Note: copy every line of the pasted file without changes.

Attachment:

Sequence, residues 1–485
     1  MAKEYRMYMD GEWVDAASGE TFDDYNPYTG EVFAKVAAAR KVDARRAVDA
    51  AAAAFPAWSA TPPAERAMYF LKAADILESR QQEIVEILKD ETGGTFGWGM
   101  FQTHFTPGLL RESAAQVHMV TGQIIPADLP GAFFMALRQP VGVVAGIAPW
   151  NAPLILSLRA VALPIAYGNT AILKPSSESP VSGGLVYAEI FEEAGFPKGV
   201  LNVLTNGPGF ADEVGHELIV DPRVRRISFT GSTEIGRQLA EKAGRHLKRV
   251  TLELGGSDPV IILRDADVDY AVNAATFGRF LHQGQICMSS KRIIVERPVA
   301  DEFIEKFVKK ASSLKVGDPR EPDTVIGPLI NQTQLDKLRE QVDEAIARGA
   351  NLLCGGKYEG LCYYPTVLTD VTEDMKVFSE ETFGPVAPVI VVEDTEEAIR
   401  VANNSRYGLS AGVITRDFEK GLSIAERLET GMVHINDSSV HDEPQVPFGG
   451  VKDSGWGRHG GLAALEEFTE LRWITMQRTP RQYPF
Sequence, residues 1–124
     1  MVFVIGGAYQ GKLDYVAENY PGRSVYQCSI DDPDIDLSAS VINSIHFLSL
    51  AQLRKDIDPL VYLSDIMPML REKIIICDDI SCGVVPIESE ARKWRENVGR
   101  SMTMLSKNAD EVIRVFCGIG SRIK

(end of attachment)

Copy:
Sequence, residues 1–485
     1  MAKEYRMYMD GEWVDAASGE TFDDYNPYTG EVFAKVAAAR KVDARRAVDA
    51  AAAAFPAWSA TPPAERAMYF LKAADILESR QQEIVEILKD ETGGTFGWGM
   101  FQTHFTPGLL RESAAQVHMV TGQIIPADLP GAFFMALRQP VGVVAGIAPW
   151  NAPLILSLRA VALPIAYGNT AILKPSSESP VSGGLVYAEI FEEAGFPKGV
   201  LNVLTNGPGF ADEVGHELIV DPRVRRISFT GSTEIGRQLA EKAGRHLKRV
   251  TLELGGSDPV IILRDADVDY AVNAATFGRF LHQGQICMSS KRIIVERPVA
   301  DEFIEKFVKK ASSLKVGDPR EPDTVIGPLI NQTQLDKLRE QVDEAIARGA
   351  NLLCGGKYEG LCYYPTVLTD VTEDMKVFSE ETFGPVAPVI VVEDTEEAIR
   401  VANNSRYGLS AGVITRDFEK GLSIAERLET GMVHINDSSV HDEPQVPFGG
   451  VKDSGWGRHG GLAALEEFTE LRWITMQRTP RQYPF
Sequence, residues 1–124
     1  MVFVIGGAYQ GKLDYVAENY PGRSVYQCSI DDPDIDLSAS VINSIHFLSL
    51  AQLRKDIDPL VYLSDIMPML REKIIICDDI SCGVVPIESE ARKWRENVGR
   101  SMTMLSKNAD EVIRVFCGIG SRIK